A new season of the already-famous Dancing with the Stars began to air on 24 February; publicity for the always-popular Top Gear, as well as Human Planet, an eight-part documentary on human interaction with the environment, has begun in force. “Three programmes that highlight three categories we’re focusing on,” Shourie says, “entertainment, lifestyle programming and factual content.”
He chuckles. “I know. Dancing with the Stars! How many people sit up and think, ‘Wow, what happened to the BBC?’”
With its content mix, the channel seems to combine the experience of TLC and Discovery, Shourie’s former channels, with a British variant on Star World. While studying their target audience, Shourie says, they realized the viewers of these channels and their own occupied the same geography. So instead of being splintered into niche channels, those three categories melded to add texture and variety to their single channel. “The viewer for each kind of programme is of the same demographic..”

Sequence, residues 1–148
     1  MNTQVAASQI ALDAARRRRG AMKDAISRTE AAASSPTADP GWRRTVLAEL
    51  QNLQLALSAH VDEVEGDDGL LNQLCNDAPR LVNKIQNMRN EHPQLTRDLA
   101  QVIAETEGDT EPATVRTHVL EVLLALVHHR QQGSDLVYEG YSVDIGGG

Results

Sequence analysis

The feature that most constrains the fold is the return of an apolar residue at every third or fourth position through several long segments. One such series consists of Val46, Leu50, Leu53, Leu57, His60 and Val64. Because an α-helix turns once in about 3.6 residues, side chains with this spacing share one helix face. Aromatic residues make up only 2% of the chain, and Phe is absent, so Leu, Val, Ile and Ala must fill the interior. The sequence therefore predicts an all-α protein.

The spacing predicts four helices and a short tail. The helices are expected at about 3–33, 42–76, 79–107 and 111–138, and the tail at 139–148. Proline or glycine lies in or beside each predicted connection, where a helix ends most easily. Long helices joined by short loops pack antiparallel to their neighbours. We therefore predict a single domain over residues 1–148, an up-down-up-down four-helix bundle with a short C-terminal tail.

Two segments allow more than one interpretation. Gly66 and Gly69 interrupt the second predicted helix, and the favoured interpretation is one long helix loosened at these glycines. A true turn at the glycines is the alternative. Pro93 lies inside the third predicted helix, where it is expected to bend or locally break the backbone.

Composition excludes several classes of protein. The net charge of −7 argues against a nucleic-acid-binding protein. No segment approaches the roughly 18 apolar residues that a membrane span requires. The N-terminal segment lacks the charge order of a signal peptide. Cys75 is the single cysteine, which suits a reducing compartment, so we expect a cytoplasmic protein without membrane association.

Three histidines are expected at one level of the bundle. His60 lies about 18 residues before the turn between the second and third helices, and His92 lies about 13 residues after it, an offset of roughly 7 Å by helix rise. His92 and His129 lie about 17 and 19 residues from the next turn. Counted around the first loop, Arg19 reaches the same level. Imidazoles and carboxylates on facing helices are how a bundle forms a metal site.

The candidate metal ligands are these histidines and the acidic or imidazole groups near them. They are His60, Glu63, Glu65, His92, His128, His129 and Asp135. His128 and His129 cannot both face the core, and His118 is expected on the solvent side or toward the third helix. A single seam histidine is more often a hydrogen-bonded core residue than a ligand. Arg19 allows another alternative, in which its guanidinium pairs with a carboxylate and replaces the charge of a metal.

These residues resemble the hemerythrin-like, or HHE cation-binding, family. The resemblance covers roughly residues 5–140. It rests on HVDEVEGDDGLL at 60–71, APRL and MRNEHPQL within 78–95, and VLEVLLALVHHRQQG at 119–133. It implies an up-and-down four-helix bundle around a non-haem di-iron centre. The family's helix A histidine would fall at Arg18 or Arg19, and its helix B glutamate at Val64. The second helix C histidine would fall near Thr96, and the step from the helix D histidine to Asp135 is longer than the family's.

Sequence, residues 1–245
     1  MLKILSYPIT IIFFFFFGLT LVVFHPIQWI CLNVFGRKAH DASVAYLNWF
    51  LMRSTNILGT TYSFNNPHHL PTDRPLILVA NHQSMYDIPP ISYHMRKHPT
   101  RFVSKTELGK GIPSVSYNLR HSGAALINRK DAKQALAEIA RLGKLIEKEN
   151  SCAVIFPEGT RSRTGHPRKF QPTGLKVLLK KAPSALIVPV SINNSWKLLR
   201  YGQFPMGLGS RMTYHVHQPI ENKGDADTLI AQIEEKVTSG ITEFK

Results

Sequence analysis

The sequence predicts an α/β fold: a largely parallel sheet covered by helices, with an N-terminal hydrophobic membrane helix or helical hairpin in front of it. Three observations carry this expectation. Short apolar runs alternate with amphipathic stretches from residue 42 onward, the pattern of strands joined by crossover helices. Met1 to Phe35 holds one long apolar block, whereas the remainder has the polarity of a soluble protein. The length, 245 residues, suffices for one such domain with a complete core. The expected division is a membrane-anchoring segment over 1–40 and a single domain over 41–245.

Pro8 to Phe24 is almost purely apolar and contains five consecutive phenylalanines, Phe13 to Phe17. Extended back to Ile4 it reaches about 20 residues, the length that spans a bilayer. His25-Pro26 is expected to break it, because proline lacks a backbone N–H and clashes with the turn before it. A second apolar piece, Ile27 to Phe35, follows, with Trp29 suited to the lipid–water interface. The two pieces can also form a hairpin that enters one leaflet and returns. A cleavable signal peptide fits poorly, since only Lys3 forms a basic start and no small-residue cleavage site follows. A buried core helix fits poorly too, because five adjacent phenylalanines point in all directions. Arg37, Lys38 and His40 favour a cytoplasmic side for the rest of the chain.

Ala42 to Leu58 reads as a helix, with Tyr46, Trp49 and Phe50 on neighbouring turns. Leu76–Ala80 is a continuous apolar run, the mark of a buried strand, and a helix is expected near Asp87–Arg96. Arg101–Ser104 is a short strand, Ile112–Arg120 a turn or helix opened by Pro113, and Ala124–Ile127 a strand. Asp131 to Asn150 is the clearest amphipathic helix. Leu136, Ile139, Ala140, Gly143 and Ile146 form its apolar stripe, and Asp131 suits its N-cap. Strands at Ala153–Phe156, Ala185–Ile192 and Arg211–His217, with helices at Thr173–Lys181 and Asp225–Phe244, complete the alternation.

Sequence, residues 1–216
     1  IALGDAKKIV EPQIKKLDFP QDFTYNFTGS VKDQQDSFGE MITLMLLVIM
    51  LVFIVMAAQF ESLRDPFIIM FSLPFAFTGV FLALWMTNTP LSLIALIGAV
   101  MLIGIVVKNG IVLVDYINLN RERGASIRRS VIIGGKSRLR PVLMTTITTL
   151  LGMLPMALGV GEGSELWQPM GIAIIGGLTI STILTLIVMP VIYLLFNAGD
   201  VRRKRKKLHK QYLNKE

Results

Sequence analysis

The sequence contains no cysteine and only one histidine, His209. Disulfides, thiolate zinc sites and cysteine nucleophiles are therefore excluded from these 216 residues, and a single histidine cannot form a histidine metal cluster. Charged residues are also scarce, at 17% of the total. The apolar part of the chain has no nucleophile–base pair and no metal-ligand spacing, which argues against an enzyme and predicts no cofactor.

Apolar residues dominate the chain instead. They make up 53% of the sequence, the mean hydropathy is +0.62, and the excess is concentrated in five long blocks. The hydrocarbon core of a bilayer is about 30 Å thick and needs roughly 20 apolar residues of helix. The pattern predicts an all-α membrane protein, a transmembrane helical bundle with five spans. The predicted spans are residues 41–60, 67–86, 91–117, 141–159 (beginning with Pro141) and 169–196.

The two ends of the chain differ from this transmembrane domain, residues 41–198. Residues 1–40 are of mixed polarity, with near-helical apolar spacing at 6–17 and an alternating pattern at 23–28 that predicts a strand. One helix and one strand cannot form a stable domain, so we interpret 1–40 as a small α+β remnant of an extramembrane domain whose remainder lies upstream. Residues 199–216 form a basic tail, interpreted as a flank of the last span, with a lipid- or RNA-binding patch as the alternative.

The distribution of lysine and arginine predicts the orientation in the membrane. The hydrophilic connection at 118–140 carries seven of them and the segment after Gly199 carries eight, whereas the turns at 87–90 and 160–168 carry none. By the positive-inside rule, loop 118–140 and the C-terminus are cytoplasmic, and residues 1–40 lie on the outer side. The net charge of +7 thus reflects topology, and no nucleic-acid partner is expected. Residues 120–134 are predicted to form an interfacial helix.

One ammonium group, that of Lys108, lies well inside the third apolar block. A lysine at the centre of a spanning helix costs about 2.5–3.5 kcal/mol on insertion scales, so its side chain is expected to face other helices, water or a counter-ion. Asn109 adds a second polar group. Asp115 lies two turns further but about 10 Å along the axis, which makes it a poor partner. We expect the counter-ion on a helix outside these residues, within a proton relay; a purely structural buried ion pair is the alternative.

“I realized something when I worked at Discovery,” he says. “Globally, they were tanking at certain points of the day because they were blasting the channel with a single kind of programme that had started out well—tattoo television, like Monster Garage, Monster House. But people won’t watch one full episode of that sort of thing. It’s television you snack on.”
Nor is BBC Entertainment all about tigers killing deer at family-friendly hours either (“you watch that for about 5 minutes at a time too”). Among its new shows, says Shourie, “BBC Earth and Monarchy at Work will both excite people. But there’s also Spooks, Sherlock Holmes, Doctor Who—an amazing mix.”